See more from this Session: Symposium--RNA Profiling Applications to Crop Improvement
Monday, October 17, 2011: 1:35 PM
Henry Gonzalez Convention Center, Room 007B, River Level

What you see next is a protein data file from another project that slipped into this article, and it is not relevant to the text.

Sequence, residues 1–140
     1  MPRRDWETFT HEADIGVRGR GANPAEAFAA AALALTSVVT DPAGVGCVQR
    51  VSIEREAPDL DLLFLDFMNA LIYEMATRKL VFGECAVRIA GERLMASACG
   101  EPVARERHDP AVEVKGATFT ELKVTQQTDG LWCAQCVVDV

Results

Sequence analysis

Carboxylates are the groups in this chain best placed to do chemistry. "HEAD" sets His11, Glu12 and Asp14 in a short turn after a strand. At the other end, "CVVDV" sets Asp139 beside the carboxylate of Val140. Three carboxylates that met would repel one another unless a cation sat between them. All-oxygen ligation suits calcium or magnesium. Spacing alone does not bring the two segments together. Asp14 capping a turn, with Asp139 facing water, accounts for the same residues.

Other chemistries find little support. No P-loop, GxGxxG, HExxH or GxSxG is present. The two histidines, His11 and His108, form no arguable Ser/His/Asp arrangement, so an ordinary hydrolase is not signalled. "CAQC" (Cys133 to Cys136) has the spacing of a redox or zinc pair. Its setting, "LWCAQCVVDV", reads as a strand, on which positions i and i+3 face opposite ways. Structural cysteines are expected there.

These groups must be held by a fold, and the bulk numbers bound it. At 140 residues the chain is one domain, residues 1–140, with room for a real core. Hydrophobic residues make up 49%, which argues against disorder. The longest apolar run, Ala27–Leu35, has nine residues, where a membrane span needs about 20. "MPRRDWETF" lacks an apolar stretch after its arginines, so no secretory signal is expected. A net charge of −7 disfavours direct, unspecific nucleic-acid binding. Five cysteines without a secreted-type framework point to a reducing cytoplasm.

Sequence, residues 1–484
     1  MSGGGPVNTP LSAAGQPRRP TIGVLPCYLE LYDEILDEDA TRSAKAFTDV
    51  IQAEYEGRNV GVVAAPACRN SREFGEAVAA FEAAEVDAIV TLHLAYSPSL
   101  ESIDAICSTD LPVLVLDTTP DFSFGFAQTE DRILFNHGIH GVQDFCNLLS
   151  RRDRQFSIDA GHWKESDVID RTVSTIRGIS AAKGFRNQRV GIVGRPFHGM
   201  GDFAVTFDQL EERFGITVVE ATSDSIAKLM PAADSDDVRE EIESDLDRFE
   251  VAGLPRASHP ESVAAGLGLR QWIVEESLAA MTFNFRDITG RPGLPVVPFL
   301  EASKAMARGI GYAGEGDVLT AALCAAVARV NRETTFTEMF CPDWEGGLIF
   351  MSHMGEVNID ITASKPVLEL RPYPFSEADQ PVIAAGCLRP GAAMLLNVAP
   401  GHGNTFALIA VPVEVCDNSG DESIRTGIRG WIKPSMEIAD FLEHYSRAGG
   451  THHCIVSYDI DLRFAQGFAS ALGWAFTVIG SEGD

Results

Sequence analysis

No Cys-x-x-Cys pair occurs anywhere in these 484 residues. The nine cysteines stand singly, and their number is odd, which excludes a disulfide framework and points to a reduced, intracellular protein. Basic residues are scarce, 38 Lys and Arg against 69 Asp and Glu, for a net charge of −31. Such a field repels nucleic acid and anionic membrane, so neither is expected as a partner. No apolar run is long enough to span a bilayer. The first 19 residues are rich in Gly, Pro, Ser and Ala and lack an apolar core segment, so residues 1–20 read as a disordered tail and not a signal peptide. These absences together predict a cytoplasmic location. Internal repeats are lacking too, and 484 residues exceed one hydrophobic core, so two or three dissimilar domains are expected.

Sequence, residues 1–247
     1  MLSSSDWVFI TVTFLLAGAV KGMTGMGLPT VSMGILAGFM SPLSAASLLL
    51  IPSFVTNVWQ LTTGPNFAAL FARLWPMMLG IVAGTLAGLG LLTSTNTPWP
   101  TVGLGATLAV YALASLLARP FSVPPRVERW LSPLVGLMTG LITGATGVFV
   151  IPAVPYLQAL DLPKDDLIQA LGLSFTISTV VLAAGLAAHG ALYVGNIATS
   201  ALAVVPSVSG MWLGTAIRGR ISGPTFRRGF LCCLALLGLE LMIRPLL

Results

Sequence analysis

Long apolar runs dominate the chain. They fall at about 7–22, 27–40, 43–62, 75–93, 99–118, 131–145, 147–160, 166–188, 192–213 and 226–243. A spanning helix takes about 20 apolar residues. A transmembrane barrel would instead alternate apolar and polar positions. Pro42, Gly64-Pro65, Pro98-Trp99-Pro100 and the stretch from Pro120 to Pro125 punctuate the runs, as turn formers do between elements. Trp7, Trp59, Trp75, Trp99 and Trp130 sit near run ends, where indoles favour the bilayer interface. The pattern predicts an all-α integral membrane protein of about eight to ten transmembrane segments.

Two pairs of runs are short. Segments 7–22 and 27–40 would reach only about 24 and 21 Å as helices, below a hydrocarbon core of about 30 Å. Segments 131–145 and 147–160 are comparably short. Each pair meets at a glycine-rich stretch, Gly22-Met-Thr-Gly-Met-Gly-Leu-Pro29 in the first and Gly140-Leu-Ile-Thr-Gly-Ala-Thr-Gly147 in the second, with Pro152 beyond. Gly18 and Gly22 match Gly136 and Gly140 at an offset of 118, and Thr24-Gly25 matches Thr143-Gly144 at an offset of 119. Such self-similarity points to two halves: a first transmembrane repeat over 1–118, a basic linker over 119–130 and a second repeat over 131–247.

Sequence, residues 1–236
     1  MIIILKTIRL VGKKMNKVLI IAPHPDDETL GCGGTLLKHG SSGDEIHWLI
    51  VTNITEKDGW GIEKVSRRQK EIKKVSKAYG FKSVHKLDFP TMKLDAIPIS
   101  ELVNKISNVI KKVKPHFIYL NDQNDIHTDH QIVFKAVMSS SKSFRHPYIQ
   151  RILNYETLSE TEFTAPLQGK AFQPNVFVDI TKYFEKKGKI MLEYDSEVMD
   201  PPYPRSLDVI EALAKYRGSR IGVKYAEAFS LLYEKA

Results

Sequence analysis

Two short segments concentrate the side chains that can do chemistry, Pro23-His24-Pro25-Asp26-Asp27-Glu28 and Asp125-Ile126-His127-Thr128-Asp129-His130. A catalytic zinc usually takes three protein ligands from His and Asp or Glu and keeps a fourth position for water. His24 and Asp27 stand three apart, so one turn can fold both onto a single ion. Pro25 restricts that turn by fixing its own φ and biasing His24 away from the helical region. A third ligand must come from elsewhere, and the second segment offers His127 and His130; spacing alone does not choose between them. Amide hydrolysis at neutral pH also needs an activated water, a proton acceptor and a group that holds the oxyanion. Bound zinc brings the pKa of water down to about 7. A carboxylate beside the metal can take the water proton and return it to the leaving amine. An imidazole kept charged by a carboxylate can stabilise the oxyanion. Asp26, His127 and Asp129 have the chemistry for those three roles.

Seeds as energy storehouse, primarily nourish the developing embryo and sustain the young seedling during germination. In addition, due to their oil, protein and carbohydrate composition, seeds serve as an important food resource for both humans and animal consumption. Legumes seeds and in particular peanuts are inexpensive source of plant proteins and edible oil. Owing to their importance in global food security, it is necessary to understand the genetic, biochemical and physiological mechanisms for better incorporation of the main storage reserves in seeds, such as proteins, fatty acids, starch, and secondary metabolites. This in turn will foster breeding programs producing more efficient and productive peanut genotypes. Here we review the current understanding of seed development in peanut as well as conserved developmental mechanisms between legumes and Arabidopsis. In this talk we will present the biochemistry, genetics, and transcriptional regulation during seed development with emphasis on metabolic pathways of storage reserve biosynthesis. Additionally, we will discuss the effects of drought on seed metabolism, oil quality and composition.